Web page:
This Photographer Wants To Put A Museum In Your Pocket
For the past two decades, photographer Dayanita Singh has been the subject of exhibitions and retrospectives at museums around the world. Her poetic images of Indian family life and architecture, abandoned spaces and private moments, are the kind of classically beautiful works coveted by curators and collectors.
But in recent years, Singh became frustrated with the conventional gallery format. "Photography is such a magical form but it's gotten a little stunted," she says. "The most magical experience of photography is when it's in your hands, because it's here — you're touching it, you can hear it, you can smell it."
In her latest exhibition, Museum Bhavan, Singh set out to recreate the tactile experience of leafing through an old family album. Instead of a brick-and-mortar space, her galleries are housed in a small box you can purchase at a bookstore. Each box contains nine slim accordion books that expand into a 7.5-foot-long gallery of black and white photographs. The images are drawn from across Singh's career, and feature characters and themes from her previous collections in new storylines. Singh calls them portable "pocket museums."
"I'm inviting you — you — to be the curator of my work," she says. "And certainly when you have an exhibition of my work in your house, it's a great privilege for me. It's a privilege to be in a museum, but it's also a privilege to be in a domestic space."
Mario Kramer is a curator at the Museum of Modern Art in Frankfurt, Germany. He's been collecting Singh's work for years, and he acknowledges that with her new book she's defying the authority of institutions like his own. He says, "It's a whole exhibition in a pocket format ... and this intimacy in your two hands with a book is something totally different than standing in front of a wall."
Singh was born in New Delhi in 1961. From a very early age, she rebelled against what was expected of her as a young woman from a "good" Delhi family and pursued a career in the arts. She studied with the classical musician Zakir Hussain and found a community among writers and musicians. With the encouragement of acclaimed documentary photographer Mary Ellen Mark, she enrolled in New York City's International Center for Photography.
Although Singh began her career as a journalist, she eventually abandoned that approach for a more evocative view of Indian life. She says, "Too often, and partly because of photojournalism, the photograph is too much about the point that it's trying to make. So the photograph, if it leaves you sort of not quite sure about what else is going on, or if it hints at that, you know it doesn't give you a finished experience, then obviously it's going to linger with you. And that really is the magic of photography, when it can go where there are no words."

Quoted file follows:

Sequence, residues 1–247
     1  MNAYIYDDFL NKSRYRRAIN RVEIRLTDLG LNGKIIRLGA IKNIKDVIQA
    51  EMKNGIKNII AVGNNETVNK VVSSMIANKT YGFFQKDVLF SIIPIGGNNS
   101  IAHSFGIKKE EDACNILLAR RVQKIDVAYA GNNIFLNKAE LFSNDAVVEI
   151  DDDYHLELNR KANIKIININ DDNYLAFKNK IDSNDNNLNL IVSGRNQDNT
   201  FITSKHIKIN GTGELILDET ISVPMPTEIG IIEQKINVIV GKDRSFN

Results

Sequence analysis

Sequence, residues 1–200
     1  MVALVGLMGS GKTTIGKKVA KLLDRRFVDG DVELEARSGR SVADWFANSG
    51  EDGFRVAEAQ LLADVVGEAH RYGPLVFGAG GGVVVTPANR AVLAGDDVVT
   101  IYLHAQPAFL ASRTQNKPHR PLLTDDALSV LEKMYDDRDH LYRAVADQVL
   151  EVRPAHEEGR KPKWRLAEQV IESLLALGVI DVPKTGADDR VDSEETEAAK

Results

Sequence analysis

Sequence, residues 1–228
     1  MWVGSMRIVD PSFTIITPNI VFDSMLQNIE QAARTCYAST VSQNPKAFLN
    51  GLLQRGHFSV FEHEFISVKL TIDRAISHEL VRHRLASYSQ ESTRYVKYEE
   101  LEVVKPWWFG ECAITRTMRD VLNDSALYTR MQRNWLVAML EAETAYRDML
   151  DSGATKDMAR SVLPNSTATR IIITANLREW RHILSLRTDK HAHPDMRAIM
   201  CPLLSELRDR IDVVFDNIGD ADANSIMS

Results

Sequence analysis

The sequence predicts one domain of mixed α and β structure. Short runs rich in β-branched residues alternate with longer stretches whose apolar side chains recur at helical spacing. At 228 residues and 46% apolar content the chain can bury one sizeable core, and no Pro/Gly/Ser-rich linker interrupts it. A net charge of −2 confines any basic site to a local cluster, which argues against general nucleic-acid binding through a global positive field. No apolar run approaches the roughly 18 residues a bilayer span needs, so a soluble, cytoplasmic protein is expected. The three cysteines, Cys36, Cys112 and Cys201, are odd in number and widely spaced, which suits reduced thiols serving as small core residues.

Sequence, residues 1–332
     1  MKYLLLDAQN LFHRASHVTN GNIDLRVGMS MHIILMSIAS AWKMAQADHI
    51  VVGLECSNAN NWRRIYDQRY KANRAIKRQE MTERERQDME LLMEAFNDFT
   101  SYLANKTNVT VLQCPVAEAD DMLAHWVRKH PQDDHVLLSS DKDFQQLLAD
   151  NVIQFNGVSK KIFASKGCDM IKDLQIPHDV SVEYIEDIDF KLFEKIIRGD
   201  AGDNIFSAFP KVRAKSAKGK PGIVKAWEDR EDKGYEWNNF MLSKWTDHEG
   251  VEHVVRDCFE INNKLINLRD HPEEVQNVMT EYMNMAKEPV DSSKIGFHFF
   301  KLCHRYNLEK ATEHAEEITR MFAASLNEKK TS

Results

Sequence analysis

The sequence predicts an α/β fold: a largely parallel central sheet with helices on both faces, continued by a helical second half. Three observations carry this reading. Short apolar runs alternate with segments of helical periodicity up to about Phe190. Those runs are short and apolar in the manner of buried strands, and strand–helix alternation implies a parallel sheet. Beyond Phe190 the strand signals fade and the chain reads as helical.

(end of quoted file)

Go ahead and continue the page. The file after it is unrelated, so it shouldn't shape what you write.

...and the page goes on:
The writer Teju Cole describes Singh's work as an invitation to see a culture through the eyes of an assured insider. In 2016, he published an essay in The New York Times Magazine criticizing the limitations of the exotic pictures of India featured in magazines like National Geographic. Cole says Singh's choice to work mostly in black and white, and to focus on poetic portraits and private spaces, defies the expectations of the predictable Indian photograph.
"I adore the way Dayanita Singh's work is able to capture the quiet moment," he says. "There's nothing exotic about it, and it embraces all sides of Indian life. And because of her instincts for what picture should come after which picture, all of it feels like it belongs."
In addition to defying the exotic frame, Singh has constantly challenged the limitations of the modern photography exhibition. Her previous works were a series of large cabinet-like structures that open and close like Japanese screen doors and contain dozens of thematically connected images. Singh described them as giant hardback books. (Last year, New York's Museum of Modern Art acquired one of those works.)
Now, with the new pocket museums, Singh says she's finally found a form that allows her to adapt the gallery experience for every collector. Each small Museum Bhavan includes almost 300 images and can be purchased for less than $100. Last fall, Museum Bhavan won the Paris Photo Book of the Year Prize, and it has recently been awarded the International Center of Photography's highest honor.
In the digital age when images are created and forgotten so quickly, Singh says she wants to recreate the tactile music of leafing through an old family album. That, too, is a museum, she says.
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